Friday, February 27, 2009


Long-distance romance

By Edward Copeland
There was another love story at the heart of Nick and Norah's Infinite Playlist and that is the camera's with New York. It's a romance to which I fully relate because I knew deep down that that city and I were meant for each other long before I ever set foot in it. Unfortunately, New York and I never got to cohabitate and it is highly unlikely we'll ever see each other again, but she's still my gal and always will be.

I actually visited Europe before I was ever able to touch down on the soil of New York. People thought I was crazy when I said I never felt more comfortable or at ease in my life. It's long been said that there are two types of people: NY people and L.A. people and to a certain extent, I think that's true. When I've been to Los Angeles, I've always had the sense of palpable evil. People who prefer L.A. feel that way about New York.

NY people never get that. What's not to love? The food. The culture. The excitement. The ease of transportation. Never a lack of things to do. You'd also be amazed for a city with such a large population how often you are likely to randomly happen upon someone you know from wherever it is you come from.

One of the first times I went to New York (trips became frequent, often thanks to movie junkets), a friend of mine who worked in one of the World Trade Center towers had me come up for lunch at a restaurant near the top of one of the towers. What a remarkable view. Years later, I had a job interview in one of the buildings. The towers remains one of two sets of buildings (that I know of) that I've been in that no longer exist, though the other was brought down by an act of urban planning, not terrorism.

My first non-junket trip there was to see my first Broadway show: Both parts of the exquisite Angels in America, which remains the best Broadway show I ever saw. It launched my Broadway addiction. The first musical I saw was, of course, a Sondheim, Passion while it was in previews. One of the most wonderful nights of my life was when I saw the play Buried Child then walked out, went next door, bought a ticket from a scalper and saw a late show by Elvis Costello in connection with All This Useless Beauty at The Supper Club.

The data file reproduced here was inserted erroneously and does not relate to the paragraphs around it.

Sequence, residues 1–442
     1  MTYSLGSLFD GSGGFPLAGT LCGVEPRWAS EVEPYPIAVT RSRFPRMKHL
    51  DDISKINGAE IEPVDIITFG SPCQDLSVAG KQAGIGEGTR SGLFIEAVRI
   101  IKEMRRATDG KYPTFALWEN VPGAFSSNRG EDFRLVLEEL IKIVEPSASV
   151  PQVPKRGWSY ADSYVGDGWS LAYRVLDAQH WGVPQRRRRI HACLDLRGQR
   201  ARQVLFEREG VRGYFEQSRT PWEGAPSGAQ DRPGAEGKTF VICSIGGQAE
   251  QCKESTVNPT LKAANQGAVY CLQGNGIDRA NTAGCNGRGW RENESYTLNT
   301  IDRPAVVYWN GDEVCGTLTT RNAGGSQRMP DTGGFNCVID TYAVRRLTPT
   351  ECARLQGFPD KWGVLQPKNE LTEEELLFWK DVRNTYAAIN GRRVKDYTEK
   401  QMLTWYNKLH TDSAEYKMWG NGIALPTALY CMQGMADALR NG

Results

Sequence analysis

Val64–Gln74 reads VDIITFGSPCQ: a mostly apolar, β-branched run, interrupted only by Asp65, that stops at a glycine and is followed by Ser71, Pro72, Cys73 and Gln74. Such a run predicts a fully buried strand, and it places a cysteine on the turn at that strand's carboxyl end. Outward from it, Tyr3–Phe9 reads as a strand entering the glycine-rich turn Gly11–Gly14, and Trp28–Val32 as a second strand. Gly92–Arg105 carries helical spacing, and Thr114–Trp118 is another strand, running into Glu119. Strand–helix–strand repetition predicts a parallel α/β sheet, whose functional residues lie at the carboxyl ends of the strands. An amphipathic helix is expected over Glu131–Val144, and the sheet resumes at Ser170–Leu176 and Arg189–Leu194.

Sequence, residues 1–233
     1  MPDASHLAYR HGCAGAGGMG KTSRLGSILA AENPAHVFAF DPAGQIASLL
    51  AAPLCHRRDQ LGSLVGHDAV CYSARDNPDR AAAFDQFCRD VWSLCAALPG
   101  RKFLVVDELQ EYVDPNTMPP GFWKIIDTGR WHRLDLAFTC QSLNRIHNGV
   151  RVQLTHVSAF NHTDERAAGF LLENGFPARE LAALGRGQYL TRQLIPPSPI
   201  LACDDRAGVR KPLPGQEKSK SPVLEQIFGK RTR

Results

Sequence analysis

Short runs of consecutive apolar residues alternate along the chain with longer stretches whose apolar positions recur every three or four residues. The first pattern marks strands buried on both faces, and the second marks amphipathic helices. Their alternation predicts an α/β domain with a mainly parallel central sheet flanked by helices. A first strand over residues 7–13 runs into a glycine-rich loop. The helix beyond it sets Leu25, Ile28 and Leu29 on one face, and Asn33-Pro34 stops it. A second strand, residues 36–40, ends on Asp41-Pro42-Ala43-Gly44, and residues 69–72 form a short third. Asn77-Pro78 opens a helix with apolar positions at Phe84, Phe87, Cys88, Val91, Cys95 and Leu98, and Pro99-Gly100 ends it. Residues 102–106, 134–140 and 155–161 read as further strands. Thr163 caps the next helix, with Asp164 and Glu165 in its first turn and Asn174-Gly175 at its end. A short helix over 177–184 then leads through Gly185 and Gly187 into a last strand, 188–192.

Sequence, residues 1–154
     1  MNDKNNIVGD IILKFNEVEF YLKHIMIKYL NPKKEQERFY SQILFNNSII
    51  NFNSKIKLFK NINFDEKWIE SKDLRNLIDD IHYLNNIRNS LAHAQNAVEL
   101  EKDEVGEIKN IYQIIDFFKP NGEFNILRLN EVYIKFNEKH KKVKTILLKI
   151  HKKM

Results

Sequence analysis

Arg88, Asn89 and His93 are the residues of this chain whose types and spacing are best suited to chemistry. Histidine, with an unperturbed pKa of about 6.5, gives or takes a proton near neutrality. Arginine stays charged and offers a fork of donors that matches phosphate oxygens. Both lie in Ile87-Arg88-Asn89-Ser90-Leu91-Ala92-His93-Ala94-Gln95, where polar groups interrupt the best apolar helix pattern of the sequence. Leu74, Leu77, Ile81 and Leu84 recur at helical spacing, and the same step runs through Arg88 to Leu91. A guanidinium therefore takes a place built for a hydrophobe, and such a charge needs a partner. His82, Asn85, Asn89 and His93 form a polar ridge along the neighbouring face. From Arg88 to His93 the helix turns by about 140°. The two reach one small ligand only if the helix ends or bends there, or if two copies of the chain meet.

My obsession grew so fierce that I kept moving closer and closer to shorten the gap between me and my love. First, I moved to Florida, where at least I found myself in the same time zone. Next, I found myself in northern New Jersey, where I could get there by train and I often did, almost on a weekly basis. Needless to say, my debt ballooned.

After moving back to Oklahoma to get my credit in order, I only went back to New York twice, then my health problems hit and it is very unlikely I'll ever be there again. During my last trip, I hadn't been diagnosed yet, so I got a hotel directly next door to the theater I was going to so I wouldn't have too far to limp to on my cane.

It was a musical. Fittingly enough, it was Sondheim again, this time the Broadway debut of Assassins, one of my favorite scores even if its book doesn't quite reach its heights, though its cast did, especially the great Denis O'Hare, doing a hysterically insane gallows walk as Charles Guiteau.

New York is depicted in countless films, but few have affected me as it did in Nick and Norah's Infinite Playlist. Probably, because so many of those are filmed in Toronto. Nick and Norah loves New York and it shows and reawakened my longing for that far-away isle I'm unlikely to ever see again. I thank the filmmakers for that.

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Hey Ed -- We'll be here when you decide it's time. We won't look anything like what you remembered but we'll be here.
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